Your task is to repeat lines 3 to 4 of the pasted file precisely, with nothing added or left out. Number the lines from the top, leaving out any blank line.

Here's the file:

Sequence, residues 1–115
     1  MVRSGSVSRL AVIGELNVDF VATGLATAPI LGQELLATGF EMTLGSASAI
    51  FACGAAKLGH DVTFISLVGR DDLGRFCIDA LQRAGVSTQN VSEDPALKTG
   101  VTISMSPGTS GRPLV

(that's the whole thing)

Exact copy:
    51  FACGAAKLGH DVTFISLVGR DDLGRFCIDA LQRAGVSTQN VSEDPALKTG
   101  VTISMSPGTS GRPLV